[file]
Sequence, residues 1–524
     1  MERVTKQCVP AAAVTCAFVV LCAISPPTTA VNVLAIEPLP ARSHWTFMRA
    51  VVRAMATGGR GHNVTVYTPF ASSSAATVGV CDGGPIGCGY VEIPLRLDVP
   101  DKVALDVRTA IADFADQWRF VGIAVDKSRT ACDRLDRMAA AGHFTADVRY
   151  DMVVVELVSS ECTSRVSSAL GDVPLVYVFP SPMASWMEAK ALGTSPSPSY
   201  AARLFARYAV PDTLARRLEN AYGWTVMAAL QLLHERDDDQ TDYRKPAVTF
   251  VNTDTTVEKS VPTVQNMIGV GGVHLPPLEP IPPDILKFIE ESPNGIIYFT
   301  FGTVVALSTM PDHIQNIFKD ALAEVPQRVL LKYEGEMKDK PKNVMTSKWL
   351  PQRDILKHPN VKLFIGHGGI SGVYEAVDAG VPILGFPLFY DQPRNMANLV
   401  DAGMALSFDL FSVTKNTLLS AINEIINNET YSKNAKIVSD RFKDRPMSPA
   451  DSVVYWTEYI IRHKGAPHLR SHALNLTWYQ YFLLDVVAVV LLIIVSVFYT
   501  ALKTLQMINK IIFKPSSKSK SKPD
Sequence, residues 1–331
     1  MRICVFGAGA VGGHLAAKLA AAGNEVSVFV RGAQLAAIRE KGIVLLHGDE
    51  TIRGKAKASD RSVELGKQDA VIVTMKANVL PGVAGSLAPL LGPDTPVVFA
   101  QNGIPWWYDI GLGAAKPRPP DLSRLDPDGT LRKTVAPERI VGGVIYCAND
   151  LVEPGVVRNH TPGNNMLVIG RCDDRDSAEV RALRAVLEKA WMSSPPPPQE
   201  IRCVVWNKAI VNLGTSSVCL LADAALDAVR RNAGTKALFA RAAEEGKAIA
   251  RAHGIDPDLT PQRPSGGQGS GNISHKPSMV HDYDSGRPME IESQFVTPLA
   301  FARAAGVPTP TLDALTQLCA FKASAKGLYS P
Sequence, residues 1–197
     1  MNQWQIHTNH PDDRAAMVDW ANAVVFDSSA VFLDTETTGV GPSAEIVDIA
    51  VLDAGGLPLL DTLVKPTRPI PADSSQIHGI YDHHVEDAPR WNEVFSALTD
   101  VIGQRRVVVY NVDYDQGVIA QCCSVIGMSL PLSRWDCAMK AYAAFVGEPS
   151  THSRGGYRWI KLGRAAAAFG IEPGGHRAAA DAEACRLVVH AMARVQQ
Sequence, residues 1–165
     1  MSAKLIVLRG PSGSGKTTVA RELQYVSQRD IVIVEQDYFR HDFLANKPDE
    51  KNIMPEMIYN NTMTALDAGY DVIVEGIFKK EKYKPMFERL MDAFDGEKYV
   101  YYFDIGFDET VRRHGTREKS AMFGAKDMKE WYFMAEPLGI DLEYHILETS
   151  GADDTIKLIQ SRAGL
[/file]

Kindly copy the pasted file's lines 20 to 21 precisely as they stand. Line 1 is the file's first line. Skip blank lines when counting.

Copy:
   301  FARAAGVPTP TLDALTQLCA FKASAKGLYS P
Sequence, residues 1–197